The connection between the humanities and the web is also reflected in its engineering. Two of the most important technologies underlying the modern Social Web—XML and Unicode—were developed in part under the leadership of humanities researchers and drawing on the work of humanities research projects such as the Text Encoding Initiative, a twenty-year old humanities and library-science consortium led subsequently by the lead proponent of this LOI, Daniel Paul O’Donnell.

How the web was built, however, is far less important for our proposal than how it is used. From the moment the general public was first allowed access, communication, self-representation, information discovery, and cultural dissemination have been key to the web’s strong growth and global penetration. All but one of the ten most visited sites on web focus on these core activities: search engines and portals (Google [2], Baidu [5], Yahoo [4], Windows Live [7]), social networking (Facebook [1], Twitter [10], TencentQQ [9], YouTube [3]), and reference (Wikipedia [6]). Even the first pure vendor on the list, (8), began its existence as an online seller of books (Wikipedia contributors 2013). Similar activities, with the addition of games, also comprise the ten most popular smart phone applications.

The web’s overwhelming interest in the creation and dissemination of information and cultural material, coupled with an ethos that encourages users to research issues for themselves, has led to greater-than-ever popular engagement with the work of professional humanities researchers. Libraries and archives that post information about their collections online invariably see an increase in demand for their physical holdings. Humanities scholars with a strong online presence receive more requests for advice and enquires about their research than any but the most famous researchers of the pre-web era. New approaches to crowd sourcing and the rise of popular initiatives such as the Wikipedia have created a culture of popular participation and engagement in humanities research that has few historical parallels. And whether it is Steve Jobs arguing that an interest in the humanities provides Apple with a competitive advantage over its arch-rival, or Google developing high-profile tools and research programmes of immediate relevance to students of the humanities, business leaders too have begun to see the ability to understand technology and its place in the world from a humanistic perspective as a core economic and technical skill rather than a simply virtuous adjunct to more practical concerns.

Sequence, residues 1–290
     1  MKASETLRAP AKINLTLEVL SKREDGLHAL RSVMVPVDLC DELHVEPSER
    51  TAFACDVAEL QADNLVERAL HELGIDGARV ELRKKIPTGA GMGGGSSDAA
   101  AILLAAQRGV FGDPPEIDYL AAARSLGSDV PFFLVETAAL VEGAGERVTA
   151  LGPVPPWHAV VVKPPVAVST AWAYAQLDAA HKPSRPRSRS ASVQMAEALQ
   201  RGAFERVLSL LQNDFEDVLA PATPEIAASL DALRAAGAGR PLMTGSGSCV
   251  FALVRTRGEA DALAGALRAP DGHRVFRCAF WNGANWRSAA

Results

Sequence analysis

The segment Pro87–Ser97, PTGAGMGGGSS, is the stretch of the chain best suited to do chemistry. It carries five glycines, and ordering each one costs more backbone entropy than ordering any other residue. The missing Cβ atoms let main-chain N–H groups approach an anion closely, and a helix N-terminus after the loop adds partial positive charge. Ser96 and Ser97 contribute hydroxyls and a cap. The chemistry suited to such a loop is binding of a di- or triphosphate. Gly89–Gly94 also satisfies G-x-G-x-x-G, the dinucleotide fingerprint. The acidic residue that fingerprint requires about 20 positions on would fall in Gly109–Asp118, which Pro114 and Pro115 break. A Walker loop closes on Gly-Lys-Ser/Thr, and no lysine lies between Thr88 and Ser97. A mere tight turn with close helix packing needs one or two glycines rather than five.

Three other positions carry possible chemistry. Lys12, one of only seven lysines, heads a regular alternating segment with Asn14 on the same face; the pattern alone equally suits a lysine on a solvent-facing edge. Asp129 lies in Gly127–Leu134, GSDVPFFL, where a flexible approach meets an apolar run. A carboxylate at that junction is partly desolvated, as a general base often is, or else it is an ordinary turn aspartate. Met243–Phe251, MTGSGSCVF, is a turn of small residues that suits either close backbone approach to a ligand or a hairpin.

The time is right for this kind of work. The last fifteen-to-twenty years have seen the rise of a critical mass of researchers with the requisite digital skills and humanistic training, a process in which Canadians and Canadian institutions have played an outsized role. These scholars are leading the introduction of new research techniques to the humanities and adapting more traditional methods to the digital age.

Just as importantly, they are also now leaders in the broader domain. Most organisations focussing on the integrative value of humanities research are led by digitally-active researchers, including the authors of this LOI: e.g. HĀSTAC (Davidson), 4Humanities (Liu and Rockwell), CenterNet and ADHO (Fraistat), GO::DH (Gil and O’Donnell), and the Praxis Network (Davidson). Many traditional humanities organisations and agencies, likewise, are led by scholars with a significant digital profile, including, in North America, SSHRC, the Modern Language Association, and numerous disciplinary societies. Funding agencies too have begun to cooperate internationally in the development of competitions on the integration of technology and humanities research. Recent government initiatives, such as the Canadian consultations on the New Digital Economy and, in the U.S., the appointment of Digital Humanists such as Davidson and John Unsworth to President Obama’s National Council on the Humanities, demonstrate the impact the “digital turn” is having at the policy level.

The pieces, in other words, are in place. What is missing is the catalyst that will allow this sense of moment to develop the kind of high-profile, transformative agenda a CIFAR-supported research network would support.